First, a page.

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Cosmic horror game Rotten Flesh is a dog-owner’s worst nightmare

Voice-activated horror game arrives on Steam today

Michael McWhertor is a journalist with more than 17 years of experience covering video games, technology, movies, TV, and entertainment.

Cosmic horror game Rotten Flesh takes the creeping survival horrors of Amnesia, Outlast, and Silent Hill and gives it a compelling twist: You’re searching for your lost dog, Roy, and the only way to track him down is to call his name. But Roy’s not the only creature who can hear you as you beckon him to return. Terrifying, flesh-eating monsters roam the sewers where Roy has escaped, and they can track you by your shouts of “Roy!” too.

Developer Steelkrill Studio — which consists of a single person — reinforces Rotten Flesh’s clever pitch by letting players use their actual voice to call their dog. The game supports microphone controls, meaning you have to shout “Roy!” to call for your furry friend.

Rotten Flesh looks like a nightmare for dog owners like me, who adopted a dog that has zero recall ability. If he (Teddy) were to ever escape, there’s a non-zero chance he’d run gleefully to his own death and never return, no matter how many times I shouted his name.

A dark tunnel in Rotten Flesh, featuring long-armed doll-like creatures sitting in chairs
Yep, it’s dark down here.
Image: Steelkrill Studios

Ryan, who runs Steelkrill, isn’t a dog owner, however. The Malta-based indie dev, who studied game development while working in a factory, told me in an email, “I love dogs and used to have a chihuahua that I dearly loved when I was younger but today I have a cat named Biscuit and she’s the best sidekick ever.”

Rotten Flesh, Ryan says, is based on his love of classic horror films and video games: The Thing, Event Horizon, Silent Hill 2, Alone in the Dark, etc. His new game — Ryan’s fourth survival horror effort — is styled after games released on the original PlayStation. “These low-res poly games creeped me out way more than modern games do, so I wanted to try something like that which was what got me in creating Rotten Flesh,” he said. “I just feel right at home when making a [horror] game. I also just love also seeing people’s reactions to them.”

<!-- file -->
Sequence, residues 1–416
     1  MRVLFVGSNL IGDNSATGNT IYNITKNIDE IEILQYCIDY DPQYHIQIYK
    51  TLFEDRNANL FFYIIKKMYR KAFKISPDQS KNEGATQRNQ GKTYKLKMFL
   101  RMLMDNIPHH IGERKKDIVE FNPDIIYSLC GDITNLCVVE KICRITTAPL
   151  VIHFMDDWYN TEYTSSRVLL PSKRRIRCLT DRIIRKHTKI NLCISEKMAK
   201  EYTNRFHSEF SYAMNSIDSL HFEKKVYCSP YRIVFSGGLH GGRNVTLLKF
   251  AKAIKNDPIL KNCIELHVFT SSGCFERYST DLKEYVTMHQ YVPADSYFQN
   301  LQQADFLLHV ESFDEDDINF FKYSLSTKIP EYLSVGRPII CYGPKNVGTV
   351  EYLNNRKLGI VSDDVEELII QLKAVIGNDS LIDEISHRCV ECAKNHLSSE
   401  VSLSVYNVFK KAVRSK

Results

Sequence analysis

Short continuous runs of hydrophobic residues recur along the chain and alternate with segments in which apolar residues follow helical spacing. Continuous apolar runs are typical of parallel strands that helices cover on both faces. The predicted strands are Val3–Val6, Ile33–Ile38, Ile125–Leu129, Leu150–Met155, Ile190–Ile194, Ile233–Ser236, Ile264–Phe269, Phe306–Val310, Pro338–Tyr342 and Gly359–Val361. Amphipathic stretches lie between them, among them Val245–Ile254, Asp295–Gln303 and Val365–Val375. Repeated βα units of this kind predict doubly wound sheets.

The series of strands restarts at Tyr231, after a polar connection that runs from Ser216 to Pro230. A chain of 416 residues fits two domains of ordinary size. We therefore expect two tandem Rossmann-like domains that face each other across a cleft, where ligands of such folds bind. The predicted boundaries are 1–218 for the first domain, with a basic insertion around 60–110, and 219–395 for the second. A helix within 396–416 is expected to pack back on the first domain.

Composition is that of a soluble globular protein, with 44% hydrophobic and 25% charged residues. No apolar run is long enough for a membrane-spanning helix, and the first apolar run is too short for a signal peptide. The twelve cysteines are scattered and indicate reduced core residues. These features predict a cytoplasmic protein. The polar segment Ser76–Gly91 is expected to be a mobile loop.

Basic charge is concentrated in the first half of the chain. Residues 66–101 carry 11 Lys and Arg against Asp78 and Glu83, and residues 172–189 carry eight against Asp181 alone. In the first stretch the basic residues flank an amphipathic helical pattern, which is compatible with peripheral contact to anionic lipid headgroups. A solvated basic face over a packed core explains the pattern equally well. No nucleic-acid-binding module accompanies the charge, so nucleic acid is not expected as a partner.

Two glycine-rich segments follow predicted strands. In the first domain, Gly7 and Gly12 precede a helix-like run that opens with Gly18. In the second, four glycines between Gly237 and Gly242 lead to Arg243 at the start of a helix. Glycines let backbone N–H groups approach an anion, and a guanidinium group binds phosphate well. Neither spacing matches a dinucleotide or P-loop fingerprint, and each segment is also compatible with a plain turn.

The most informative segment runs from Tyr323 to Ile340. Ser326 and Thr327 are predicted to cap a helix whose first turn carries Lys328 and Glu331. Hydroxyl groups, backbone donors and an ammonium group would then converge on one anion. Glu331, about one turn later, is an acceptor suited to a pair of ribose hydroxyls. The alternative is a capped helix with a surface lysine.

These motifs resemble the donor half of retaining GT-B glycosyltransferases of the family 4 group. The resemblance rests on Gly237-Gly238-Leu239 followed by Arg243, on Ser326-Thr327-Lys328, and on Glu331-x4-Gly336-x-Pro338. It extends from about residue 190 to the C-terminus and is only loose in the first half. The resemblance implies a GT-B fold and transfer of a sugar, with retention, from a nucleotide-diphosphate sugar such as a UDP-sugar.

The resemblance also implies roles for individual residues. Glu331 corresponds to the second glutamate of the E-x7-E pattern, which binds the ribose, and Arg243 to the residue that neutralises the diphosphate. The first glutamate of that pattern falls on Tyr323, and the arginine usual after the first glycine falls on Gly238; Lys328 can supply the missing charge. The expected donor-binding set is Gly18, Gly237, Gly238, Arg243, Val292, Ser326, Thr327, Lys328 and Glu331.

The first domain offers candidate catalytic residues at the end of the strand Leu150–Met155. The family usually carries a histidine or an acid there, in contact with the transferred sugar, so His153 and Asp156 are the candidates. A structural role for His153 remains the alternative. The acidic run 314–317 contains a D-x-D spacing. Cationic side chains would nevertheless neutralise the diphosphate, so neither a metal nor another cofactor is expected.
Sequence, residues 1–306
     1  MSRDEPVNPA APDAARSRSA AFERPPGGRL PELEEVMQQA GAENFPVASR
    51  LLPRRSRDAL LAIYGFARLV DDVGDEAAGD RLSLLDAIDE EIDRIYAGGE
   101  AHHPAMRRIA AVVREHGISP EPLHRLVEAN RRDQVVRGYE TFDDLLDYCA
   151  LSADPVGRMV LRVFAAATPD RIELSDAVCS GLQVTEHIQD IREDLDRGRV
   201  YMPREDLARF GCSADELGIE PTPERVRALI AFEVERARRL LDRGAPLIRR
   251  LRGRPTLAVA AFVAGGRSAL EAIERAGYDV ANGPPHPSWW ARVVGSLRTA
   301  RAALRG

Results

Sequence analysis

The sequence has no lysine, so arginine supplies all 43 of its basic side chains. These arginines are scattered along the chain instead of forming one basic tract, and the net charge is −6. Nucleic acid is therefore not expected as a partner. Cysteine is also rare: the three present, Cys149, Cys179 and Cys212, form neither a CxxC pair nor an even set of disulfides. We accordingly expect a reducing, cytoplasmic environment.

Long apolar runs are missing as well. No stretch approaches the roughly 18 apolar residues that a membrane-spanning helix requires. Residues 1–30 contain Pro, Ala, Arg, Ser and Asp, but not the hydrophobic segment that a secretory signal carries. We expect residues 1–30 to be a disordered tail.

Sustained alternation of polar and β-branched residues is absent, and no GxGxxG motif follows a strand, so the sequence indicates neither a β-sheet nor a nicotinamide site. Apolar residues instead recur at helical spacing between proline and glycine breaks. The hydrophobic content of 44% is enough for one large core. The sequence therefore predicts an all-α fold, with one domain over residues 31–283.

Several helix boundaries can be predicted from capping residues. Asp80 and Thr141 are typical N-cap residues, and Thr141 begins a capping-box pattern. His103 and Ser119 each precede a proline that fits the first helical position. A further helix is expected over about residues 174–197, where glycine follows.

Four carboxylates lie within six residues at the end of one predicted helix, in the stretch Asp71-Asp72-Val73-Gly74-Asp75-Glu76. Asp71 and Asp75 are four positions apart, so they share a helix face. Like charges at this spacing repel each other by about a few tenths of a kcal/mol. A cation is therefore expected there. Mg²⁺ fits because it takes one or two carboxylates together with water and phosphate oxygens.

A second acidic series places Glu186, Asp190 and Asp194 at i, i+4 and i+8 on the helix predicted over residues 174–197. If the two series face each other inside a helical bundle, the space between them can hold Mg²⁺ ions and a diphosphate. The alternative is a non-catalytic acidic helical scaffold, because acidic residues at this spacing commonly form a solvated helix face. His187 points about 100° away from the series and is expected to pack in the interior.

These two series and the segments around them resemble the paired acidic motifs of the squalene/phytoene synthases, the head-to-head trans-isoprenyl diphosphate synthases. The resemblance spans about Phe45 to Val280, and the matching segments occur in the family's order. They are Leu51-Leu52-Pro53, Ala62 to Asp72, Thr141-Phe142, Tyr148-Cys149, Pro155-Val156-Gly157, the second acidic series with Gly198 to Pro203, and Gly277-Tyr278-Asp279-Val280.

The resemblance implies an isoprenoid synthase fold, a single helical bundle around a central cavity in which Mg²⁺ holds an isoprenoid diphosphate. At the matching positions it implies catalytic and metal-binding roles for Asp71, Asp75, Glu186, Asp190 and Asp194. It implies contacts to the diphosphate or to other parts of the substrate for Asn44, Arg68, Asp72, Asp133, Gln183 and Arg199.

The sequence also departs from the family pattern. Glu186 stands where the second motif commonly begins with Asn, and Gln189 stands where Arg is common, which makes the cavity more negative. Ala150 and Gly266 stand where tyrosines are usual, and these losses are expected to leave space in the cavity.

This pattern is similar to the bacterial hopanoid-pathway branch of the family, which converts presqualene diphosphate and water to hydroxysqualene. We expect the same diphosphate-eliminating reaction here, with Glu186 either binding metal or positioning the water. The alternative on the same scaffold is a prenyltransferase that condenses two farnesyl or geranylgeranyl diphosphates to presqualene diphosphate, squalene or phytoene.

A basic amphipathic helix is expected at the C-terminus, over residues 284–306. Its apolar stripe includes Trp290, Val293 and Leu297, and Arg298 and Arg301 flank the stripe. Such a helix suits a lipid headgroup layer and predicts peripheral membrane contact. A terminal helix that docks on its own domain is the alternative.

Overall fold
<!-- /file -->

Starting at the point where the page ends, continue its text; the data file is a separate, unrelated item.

Part of the inspiration for implementing voice controls came from a previous game of Ryan’s, The Backrooms 1998, a found-footage survival horror game that can detect players’ jump scare-induced screams. “I always liked the microphone usage in games such as in Alien Isolation,” Ryan said. “I think I was requested by someone to add it to Trenches [another Steelkrill release] as an update, which then I implemented it on my second game The Backrooms 1998 where the monster can hear your voice.”

A first-person view of a severed human leg on a table with the prompt “Grab” from the game Rotten Flesh
Equip severed leg?
Image: Steelkrill Studios

“For Rotten Flesh I wanted to take it to next level by making the game hear your voice — and then reply back to you if you are close to your dog [...] so you have to make a difficult decision between shouting for your dog [...] or silently trying to not alert the enemy.”

Rotten Flesh’s game mechanics and aesthetics will look familiar to anyone who’s played an Amnesia or Silent Hill game. Players have limited ammunition, the ability to hide under objects as monsters prowl, and little more than their wits to help them survive. They can also exploit the enemy’s weakness — a taste for flesh, from which the game draws its name — by throwing decapitated heads or dismembered limbs as a means of distraction.

Players with a strong constitution can now venture into Rotten Flesh’s cramped, claustrophobic underground corridors. And if you don’t want to actually shout “Roy!” over and over, you can also just press your keyboard’s space bar and let the game do the shouting for you.

Rotten Flesh is available now on Windows PC via Steam.

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